Enforcement and Compliance have been and remain to be two of the biggest priorities for the Gambling Commission this year. Having successfully defended an appeal against a regulatory decision this week and handed out another fine in the last couple of weeks, there is no sign that the active levels of enforcement we have seen will be easing up. As Andrew Rhodes, the CEO of the Commission, said last month “in the last 11 months alone 16 operators have paid out a total of £45m because of regulatory failures. A further two have had their operating licence suspended because of regulatory concerns.
For comparison, in the whole of 2016/17 full financial year we took action against 3 operators who paid out £1.7m for regulatory failures.”
There have been a few events in recent weeks where the Commission have spoken in person, the Institute of Licensing National Training Conference, the BACTA Annual Convention and the CEO Briefing. These speeches give a helpful indication of the current hot topics within the Commission itself and what we might be looking at in the future, both for Enforcement and possible regulatory changes.
Sarah Gardener, the deputy CEO, gave the key note speech at the IOL’s National Training Conference. An audience of predominantly local authorities, this speech took a very different tone to the two summarised below. Ms Gardner opened her speech by stressing the importance of “strong collaboration with our partners in regulation” and made it clear throughout that the Commission would like to maintain communication with Local Authorities across the country.
Emphasis was given to the wide range of enforcement powers that the Local Authorities have- a call to action to ensure that they are aware of and are regulating their gambling premises on a local level. Ms Gardner reminded the Local Authorities of, and thanked them for, the data and intelligence that they provide to the Commission to assist in enforcement on the ground.
The 80/20 rule was discussed, although this was given greater air time by Mr Angus (below) and Ms Gardner assured the Local Authorities that the rule is still in place and is as strict as ever. The second call to action from Ms Gardener related to test purchasing, and the Local Authorities ability to regulate businesses on the ground and ensure compliance. Overall a strong emphasis on enforcement and the ability to do more- including site inspections.
Ian Angus, the Director of Policy, spoke at the BACTA Annual Convention in November and spoke predominantly to the third licensing objective, protecting children and vulnerable persons from harm. However the most interesting tid-bit to come out of Mr Angus’ speech were his comments on the 80/20 rule. Many in the industry have called for there to be some lessening of the 80/20 rule to attempt to alleviate some of the pressure of the energy crisis. As it stands, the AGCs must ensure that they have the correct number of machines ‘available for use’. However Mr Angus made it clear that the ability to switch off these machines to save on energy would not be forthcoming, with the 80/20 rule being enshrined in the Gambling Act.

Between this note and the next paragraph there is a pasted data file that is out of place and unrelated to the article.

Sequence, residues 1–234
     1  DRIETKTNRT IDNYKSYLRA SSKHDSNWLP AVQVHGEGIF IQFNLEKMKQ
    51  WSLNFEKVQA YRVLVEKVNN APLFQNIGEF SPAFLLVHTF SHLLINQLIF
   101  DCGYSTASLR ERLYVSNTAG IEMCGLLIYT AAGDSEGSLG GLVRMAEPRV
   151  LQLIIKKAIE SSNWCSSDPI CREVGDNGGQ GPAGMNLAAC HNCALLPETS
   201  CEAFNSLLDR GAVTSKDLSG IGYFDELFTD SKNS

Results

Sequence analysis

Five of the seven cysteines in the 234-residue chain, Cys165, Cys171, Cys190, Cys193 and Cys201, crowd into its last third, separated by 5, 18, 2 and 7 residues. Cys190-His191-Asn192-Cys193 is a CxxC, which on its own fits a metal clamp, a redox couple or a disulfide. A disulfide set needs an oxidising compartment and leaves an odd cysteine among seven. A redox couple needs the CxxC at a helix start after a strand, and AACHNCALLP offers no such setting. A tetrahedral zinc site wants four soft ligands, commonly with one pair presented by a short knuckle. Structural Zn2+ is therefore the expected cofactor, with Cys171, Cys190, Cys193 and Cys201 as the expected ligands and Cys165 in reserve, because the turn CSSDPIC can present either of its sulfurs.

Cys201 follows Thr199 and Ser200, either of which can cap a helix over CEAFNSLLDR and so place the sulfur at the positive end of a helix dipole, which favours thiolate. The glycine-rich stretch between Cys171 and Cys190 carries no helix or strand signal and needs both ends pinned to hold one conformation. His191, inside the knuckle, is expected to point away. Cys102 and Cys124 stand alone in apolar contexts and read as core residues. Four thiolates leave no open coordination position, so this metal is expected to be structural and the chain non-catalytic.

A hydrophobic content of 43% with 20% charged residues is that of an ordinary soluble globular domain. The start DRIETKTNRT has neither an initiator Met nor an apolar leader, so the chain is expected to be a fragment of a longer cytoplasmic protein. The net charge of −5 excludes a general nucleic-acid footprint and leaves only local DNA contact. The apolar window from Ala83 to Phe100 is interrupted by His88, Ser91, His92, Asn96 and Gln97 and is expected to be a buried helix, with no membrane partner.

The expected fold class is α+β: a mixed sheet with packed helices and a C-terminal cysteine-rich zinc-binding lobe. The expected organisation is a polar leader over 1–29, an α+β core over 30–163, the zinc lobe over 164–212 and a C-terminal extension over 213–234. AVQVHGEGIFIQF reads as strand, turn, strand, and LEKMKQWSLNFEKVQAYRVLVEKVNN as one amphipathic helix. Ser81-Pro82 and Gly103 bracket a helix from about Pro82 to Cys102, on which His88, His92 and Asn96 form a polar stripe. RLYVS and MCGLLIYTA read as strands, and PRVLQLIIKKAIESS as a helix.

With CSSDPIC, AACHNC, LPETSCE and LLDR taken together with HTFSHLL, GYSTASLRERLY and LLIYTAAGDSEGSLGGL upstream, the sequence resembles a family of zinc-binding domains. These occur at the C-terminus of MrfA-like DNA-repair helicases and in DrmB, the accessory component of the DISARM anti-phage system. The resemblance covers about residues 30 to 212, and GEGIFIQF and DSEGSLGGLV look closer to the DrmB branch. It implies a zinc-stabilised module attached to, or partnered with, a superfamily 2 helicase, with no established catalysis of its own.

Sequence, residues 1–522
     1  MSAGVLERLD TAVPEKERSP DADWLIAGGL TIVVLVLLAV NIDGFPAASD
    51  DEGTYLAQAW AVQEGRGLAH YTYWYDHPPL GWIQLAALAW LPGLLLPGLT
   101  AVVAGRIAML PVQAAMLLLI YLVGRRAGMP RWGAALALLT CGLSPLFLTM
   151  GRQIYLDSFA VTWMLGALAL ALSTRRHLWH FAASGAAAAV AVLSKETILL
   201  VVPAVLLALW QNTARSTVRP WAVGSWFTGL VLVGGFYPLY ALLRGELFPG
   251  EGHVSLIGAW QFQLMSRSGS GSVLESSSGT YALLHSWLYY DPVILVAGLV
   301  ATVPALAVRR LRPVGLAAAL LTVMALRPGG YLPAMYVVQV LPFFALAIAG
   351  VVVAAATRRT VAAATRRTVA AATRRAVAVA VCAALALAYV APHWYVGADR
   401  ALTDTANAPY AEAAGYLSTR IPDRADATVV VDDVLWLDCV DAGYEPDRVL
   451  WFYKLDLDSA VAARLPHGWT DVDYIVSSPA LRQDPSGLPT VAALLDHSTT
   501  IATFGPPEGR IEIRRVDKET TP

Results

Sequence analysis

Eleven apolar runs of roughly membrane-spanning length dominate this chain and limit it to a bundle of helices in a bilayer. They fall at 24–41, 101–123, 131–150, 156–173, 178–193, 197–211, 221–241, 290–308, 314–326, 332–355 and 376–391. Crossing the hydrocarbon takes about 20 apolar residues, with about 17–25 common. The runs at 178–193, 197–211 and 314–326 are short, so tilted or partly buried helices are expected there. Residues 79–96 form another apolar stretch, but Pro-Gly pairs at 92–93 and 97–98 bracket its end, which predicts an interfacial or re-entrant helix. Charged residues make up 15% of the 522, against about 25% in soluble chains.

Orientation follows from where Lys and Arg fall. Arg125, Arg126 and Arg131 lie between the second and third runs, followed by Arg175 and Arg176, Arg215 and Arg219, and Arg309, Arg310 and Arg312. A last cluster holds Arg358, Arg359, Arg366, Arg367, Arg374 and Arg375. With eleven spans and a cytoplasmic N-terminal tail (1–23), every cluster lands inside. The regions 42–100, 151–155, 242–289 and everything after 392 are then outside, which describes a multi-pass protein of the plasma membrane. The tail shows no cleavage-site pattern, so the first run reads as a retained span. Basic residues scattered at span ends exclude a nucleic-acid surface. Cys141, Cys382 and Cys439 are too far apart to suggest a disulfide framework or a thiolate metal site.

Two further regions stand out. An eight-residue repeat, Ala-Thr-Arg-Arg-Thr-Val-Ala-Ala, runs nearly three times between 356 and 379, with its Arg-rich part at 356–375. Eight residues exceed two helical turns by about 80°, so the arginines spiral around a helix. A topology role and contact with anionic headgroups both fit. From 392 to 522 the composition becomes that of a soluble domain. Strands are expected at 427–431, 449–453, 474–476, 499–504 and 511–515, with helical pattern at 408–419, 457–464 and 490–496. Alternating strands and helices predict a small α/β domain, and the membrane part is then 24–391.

BACTA was praised on the one hand, particularly for taking the initiative and trialling new ways to protect customers, but also warned that the arcade sector would not be safe from enforcement. Again the theme of compliance and enforcement underpinned the speech.
Finally, at the CEO briefing in November Andrew Rhodes, the CEO of the Commission, delivered his thoughts on the state of the industry. Enforcement was raised in his introduction, with the words “you don’t have a choice about us and you’re not required to like us either”, and continued throughout. However he did go on to admit that gambling is not on the rise as the media repeatedly spouts, but is in fact holding fairly steady. Mr Rhodes made some insightful comments regarding the top few operators in the UK, in particular that the top 10 groups now represent 77% of total B2C GGY in Great Britain and the top three groups will represent over 50% when recent mergers are accounted for. A small warning was made that the CMA (Competitions and Markets Agency) may soon come knocking…
An acknowledgment was also made that safer gambling will likely mean less profitable gambling, hence the need to diversify and merge companies. It was made clear, as it has been before, than the Commission will not seek to make decisions for operators on this topic but instead let them decide for themselves where the line is (and of course be there to step in if you get it wrong!).
Mr Rhodes also made it clear that they intend to ramp up their own ‘customer interaction’ and that operators can expect to see far more of the Commission in the coming months.
The latest Licensing, Compliance and Enforcement Policy (June 2022) is also worth a read for all operators, with a few changes implemented at the last consultation.
With the lack of a white paper it is highly likely that we will see more consultations and more LCCP changes, the Commission is an ever changing beast and these insights are invaluable for positioning operations to weather any changes on the horizon. Expect more interaction from the Commission as they continue to implement a more hands on approach to enforcement, from site visits and compliance audits to special measures.